The Convention on the Rights of the Child (CRC) is the most comprehensive treaty on children's rights and was adopted on November 20, 1989. The CRC has been ratified by every country in the world except the United States and Somalia (which has been a failed state without an effective government over the past two decades).
If ratified by the United States, the CRC would fill current gaps in U.S. laws, and provide all children in America with the same robust protections that children in 193 countries are already entitled to. The Convention would offer much-needed protection to children at risk including minority and poor children, children with disabilities and other vulnerable populations in areas such as access to quality education, health care, and protection from harmful influences, abuse and exploitation. The CRC also provides protections to children in conflict with the law especially those who are sentenced to life imprisonment without parole and children detained in juvenile detention facilities.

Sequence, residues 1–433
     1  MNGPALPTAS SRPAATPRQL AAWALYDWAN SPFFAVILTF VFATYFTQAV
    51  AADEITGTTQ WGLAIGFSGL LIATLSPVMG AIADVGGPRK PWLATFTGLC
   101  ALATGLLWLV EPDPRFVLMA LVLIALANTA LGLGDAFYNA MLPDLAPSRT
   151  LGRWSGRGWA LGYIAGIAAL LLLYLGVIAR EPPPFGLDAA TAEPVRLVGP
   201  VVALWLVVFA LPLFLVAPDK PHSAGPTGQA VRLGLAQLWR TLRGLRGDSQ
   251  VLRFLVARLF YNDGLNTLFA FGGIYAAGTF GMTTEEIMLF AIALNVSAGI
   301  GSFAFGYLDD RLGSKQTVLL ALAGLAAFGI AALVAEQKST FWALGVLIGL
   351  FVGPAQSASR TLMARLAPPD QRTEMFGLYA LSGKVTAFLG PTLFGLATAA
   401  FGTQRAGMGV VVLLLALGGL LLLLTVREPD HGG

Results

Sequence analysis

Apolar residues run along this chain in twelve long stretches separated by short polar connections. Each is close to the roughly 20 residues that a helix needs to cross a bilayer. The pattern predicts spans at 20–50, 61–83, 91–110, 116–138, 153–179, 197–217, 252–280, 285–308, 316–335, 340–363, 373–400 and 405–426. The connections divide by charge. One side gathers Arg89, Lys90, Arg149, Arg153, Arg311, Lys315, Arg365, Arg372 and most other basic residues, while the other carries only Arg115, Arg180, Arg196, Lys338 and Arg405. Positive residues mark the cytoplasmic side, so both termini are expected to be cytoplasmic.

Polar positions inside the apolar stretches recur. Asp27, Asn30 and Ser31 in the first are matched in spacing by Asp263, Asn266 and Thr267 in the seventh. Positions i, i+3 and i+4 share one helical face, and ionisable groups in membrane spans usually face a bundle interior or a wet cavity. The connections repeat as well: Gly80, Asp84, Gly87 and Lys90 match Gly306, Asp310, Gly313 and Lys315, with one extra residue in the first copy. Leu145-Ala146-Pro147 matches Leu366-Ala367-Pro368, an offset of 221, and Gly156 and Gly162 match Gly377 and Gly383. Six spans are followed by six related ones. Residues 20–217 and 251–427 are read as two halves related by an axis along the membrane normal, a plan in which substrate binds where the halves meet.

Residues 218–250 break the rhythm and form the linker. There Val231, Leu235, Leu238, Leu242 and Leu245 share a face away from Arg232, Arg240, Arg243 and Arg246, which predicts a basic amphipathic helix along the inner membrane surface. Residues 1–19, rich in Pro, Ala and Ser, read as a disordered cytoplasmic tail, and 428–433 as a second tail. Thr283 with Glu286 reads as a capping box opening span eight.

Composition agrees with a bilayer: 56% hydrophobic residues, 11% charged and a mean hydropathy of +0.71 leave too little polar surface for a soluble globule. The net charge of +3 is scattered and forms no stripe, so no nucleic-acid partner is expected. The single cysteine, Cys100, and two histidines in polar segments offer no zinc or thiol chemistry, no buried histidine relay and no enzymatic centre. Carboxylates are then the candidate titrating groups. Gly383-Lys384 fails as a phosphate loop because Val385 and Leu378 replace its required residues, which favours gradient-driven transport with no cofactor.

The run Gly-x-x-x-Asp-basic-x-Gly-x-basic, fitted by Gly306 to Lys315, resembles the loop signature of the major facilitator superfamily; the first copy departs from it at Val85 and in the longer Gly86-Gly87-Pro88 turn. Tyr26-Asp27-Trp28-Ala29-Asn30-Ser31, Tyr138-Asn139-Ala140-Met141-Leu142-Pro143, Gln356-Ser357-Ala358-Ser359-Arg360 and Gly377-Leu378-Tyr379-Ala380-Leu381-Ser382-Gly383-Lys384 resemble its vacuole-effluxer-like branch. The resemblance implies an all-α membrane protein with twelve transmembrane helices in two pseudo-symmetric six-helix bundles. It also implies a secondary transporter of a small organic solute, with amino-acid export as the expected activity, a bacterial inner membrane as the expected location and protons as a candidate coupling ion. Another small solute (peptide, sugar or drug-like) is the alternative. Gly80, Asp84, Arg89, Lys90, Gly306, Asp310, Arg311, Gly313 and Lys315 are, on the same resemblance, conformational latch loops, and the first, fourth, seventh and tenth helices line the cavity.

Twenty years after the adoption of the CRC and nearly fifteen years after it was signed by President Clinton, the Obama administration has an opportunity to bring the CRC to the Senate for consent and approval. If ratified by the United States, the CRC would bolster existing protections and foster U.S. commitment to and promotion of children's rights in the U.S and around the world.